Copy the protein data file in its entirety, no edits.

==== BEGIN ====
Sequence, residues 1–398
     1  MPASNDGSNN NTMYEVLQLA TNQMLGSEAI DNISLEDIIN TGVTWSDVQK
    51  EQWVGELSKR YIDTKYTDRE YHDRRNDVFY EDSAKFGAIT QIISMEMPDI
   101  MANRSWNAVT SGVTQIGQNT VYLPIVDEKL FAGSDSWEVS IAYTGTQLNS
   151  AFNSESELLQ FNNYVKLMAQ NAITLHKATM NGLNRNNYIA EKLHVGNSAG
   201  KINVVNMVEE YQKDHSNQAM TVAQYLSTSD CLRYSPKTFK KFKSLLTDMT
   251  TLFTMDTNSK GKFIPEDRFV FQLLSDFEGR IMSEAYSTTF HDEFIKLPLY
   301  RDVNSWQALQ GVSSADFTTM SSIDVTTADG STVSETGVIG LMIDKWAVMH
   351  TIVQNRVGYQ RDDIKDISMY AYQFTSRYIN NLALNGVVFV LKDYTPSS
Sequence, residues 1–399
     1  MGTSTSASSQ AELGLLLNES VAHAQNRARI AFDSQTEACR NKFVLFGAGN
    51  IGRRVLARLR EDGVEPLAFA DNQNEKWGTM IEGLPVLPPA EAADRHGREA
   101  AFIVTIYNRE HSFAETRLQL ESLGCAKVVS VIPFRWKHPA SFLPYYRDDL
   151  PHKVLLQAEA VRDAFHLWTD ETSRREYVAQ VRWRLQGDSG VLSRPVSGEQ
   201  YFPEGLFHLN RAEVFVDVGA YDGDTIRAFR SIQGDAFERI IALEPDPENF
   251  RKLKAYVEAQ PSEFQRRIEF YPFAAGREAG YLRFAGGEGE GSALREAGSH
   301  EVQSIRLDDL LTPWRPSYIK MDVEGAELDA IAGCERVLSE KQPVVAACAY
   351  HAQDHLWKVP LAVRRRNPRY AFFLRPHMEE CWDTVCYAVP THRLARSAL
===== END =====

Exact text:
Sequence, residues 1–398
     1  MPASNDGSNN NTMYEVLQLA TNQMLGSEAI DNISLEDIIN TGVTWSDVQK
    51  EQWVGELSKR YIDTKYTDRE YHDRRNDVFY EDSAKFGAIT QIISMEMPDI
   101  MANRSWNAVT SGVTQIGQNT VYLPIVDEKL FAGSDSWEVS IAYTGTQLNS
   151  AFNSESELLQ FNNYVKLMAQ NAITLHKATM NGLNRNNYIA EKLHVGNSAG
   201  KINVVNMVEE YQKDHSNQAM TVAQYLSTSD CLRYSPKTFK KFKSLLTDMT
   251  TLFTMDTNSK GKFIPEDRFV FQLLSDFEGR IMSEAYSTTF HDEFIKLPLY
   301  RDVNSWQALQ GVSSADFTTM SSIDVTTADG STVSETGVIG LMIDKWAVMH
   351  TIVQNRVGYQ RDDIKDISMY AYQFTSRYIN NLALNGVVFV LKDYTPSS
Sequence, residues 1–399
     1  MGTSTSASSQ AELGLLLNES VAHAQNRARI AFDSQTEACR NKFVLFGAGN
    51  IGRRVLARLR EDGVEPLAFA DNQNEKWGTM IEGLPVLPPA EAADRHGREA
   101  AFIVTIYNRE HSFAETRLQL ESLGCAKVVS VIPFRWKHPA SFLPYYRDDL
   151  PHKVLLQAEA VRDAFHLWTD ETSRREYVAQ VRWRLQGDSG VLSRPVSGEQ
   201  YFPEGLFHLN RAEVFVDVGA YDGDTIRAFR SIQGDAFERI IALEPDPENF
   251  RKLKAYVEAQ PSEFQRRIEF YPFAAGREAG YLRFAGGEGE GSALREAGSH
   301  EVQSIRLDDL LTPWRPSYIK MDVEGAELDA IAGCERVLSE KQPVVAACAY
   351  HAQDHLWKVP LAVRRRNPRY AFFLRPHMEE CWDTVCYAVP THRLARSAL